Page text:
By on May 22, 2015

Nissan IDx Freeflow Concept

Nobody at Nissan is talking about IDx.

That’s what we learned from Pierre Loing, Vice President of Product Planning for Nissan North America. But, there’s a chance certain styling elements could make their way to other products, or possibly even a front-wheel drive performance option below 370Z.

While at the 2016 Nissan Maxima media preview in Nashville, Tennessee, we had a chance to prod Loing on what could be the future of IDx considering its overwhelmingly positive reception in Tokyo and Detroit.

Nissan IDx Freeflow / IDx NISMO

“IDX is an interesting project; a show car that received good reception. But, to go from concept to production, the reality always kicks in,” Loing said about the future of IDx as we saw it revealed in Tokyo.

The reality is auto manufacturers are finding it difficult – or impossible – to build a small, rear-wheel drive performance vehicle and make money. Either a current platform, like that of the 370Z, needs to be shrunk down, or a whole new platform needs to be engineered to serve one niche vehicle.

2016 Nissan 370Z NISMO

Unfortunately, at least for Nissan, the 370Z platform isn’t an option.

“Small, sporty cars are very attractive for consumers but not in huge numbers. To do them properly – in our case – you can’t rely on an existing rear-wheel drive platform, because its dimensions are for a much larger powertrain. So, for us, it would mean developing a different rear-wheel drive platform and then we are bumping into the same obstacles every other automaker has: the volumes of a small, sporty car are not enough to justify the investment,” said Loing.

With the current Z doing quite well, at least in the eyes of Nissan as top-dollar NISMO models make up nearly 20 percent of units sold, going down-market is going against the market. Also, based on Loing’s remarks about size, it doesn’t look like we will be getting a smaller Z car next time around.

But, since it was the IDx’s design garnering the most attention, could it transfer to something else?

“It wouldn’t be the same design because, of course, the proportions are based on a rear-wheel drive platform,” Loing explained. “But that kind of retro 510 inspired design was very well received in Japan and in the U.S. (when Nissan debuted in Tokyo and Detroit), and to some extent in Europe as well. So, yeah, that could be an option – among other ones, it could be an option.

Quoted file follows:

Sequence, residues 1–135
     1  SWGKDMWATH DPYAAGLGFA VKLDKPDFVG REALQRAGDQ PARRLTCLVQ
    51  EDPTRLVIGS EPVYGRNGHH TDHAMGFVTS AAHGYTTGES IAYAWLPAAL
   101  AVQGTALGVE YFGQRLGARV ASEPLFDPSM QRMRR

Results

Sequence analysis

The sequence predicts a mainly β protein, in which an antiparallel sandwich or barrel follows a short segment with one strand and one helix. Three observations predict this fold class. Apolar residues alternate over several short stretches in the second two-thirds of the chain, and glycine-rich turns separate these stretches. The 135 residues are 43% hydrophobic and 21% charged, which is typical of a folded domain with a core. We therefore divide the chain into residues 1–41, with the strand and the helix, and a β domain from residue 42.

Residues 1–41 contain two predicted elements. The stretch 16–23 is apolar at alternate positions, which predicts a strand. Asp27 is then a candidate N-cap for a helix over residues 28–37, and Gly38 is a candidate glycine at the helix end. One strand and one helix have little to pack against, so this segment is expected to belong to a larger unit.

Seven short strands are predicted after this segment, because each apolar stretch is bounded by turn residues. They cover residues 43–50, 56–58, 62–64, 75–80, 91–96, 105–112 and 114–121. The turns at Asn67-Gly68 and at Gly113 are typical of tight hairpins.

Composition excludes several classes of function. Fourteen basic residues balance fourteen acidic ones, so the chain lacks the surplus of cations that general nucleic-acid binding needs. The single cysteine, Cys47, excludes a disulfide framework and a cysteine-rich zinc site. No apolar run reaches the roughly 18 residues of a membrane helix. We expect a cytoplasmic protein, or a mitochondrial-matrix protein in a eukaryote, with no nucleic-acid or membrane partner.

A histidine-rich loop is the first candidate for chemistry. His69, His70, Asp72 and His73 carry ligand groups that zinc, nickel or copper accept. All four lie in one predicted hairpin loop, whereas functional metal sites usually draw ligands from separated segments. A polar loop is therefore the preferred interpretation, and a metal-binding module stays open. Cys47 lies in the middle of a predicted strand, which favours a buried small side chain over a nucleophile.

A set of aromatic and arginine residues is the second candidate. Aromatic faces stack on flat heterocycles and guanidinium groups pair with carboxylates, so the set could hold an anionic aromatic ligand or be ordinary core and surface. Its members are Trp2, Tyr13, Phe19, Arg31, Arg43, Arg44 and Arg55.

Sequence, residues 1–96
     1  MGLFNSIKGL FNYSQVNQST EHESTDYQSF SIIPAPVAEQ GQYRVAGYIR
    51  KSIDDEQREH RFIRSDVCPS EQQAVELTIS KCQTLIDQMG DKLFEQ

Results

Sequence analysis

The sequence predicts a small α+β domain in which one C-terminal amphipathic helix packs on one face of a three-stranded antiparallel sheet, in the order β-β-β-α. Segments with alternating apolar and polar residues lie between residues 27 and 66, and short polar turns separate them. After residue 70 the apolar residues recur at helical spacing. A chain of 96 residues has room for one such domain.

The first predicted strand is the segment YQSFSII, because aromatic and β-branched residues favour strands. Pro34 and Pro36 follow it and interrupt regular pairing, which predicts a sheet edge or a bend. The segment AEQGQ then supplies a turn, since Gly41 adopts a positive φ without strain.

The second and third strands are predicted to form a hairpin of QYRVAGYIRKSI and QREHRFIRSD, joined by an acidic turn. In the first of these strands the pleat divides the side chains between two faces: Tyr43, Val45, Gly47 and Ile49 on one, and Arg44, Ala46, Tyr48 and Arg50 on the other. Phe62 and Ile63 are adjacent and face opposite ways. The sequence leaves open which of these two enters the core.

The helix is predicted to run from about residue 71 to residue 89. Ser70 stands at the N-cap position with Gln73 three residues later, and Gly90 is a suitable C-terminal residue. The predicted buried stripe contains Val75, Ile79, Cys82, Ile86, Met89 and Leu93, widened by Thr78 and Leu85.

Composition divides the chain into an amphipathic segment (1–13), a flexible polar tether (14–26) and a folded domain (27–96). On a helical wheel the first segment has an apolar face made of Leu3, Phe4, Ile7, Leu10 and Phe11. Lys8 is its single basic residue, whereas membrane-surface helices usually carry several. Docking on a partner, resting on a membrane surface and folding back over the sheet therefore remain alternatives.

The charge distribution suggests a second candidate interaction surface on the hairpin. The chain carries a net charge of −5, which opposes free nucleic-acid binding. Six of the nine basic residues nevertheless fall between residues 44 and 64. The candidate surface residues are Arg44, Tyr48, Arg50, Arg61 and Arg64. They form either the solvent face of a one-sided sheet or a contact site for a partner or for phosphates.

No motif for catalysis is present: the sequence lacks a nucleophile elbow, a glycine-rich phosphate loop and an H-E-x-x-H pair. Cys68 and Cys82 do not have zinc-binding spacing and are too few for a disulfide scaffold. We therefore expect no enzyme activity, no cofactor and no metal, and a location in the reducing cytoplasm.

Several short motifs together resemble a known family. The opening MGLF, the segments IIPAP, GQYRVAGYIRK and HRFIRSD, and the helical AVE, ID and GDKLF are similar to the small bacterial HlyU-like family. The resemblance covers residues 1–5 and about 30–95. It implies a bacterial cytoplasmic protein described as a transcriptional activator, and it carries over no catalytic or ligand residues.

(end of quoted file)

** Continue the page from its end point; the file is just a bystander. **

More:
“I think we may still have some room (to add a retro-inspired car). We have a wide lineup.”

And with the new Maxima pumping out 300 horsepower to the front wheels alone, a FWD performance compact is possible.

Renault Megane RS 275

“If you look at the Alliance, Renault has some extremely strong front-wheel drive cars that are very sporty; Megane RenaultSport, for example, holds the front-wheel drive record on the Nurburgring. So, yes, it is possible within the limitations of front-wheel drive today.”

But, is that something Nissan is considering? Loing held his cards close to his vest.

“You will have to come back in a few years to see if it has materialized or not. *laughs* But, we do show cars to test reactions all the time, so those reactions are included in the debate on future global products. Sometimes they will be the deciding factor to go one way or another. Sometimes they won’t.”

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46 Comments on “Nissan IDx is Super-Dead, But Parts May Live On in FWD Platform...”


  • avatar

    Dodge Challenger SRT HELLCAT NISMO edition.

  • avatar
    ceolwulf

    The obvious solution is to use a FWD platform.

    And put it behind the driver.

    (I want a new MR2 and at this point I don’t even care who builds it …)

    • 0 avatar
      racer-esq.

      Nissan could use the mid-engine, rear wheel drive platform from the new Renault Twingo.

      • 0 avatar
        CoreyDL

        I think that might add a lot of complexity (and price) and scare people off. Mid-engine says “problems and difficult servicing” to a lot of people. It’s also more difficult from a packaging standpoint, and using the development for other cars.

        • 0 avatar
          racer-esq.

          The US pricing for the new 2016 Smart Fortwo that shares its mid-engine, rear wheel drive platform with the Renault Twingo is $15,680.

          • 0 avatar
            CoreyDL

            Oh it’s THAT small. I was thinking Clio sized. Would a platform that small even work for a coupe like this?

          • 0 avatar
            racer-esq.

            It’s not going to be possible to pull off the 510/Silvia aesthetic with the Renault Twingo platform (which has a longer wheelbase than the Fortwo and four seats).

            But with the Twingo it would be possible for Nissan to carry those cars on in spirit with a cheap 4-seat rear wheel drive car.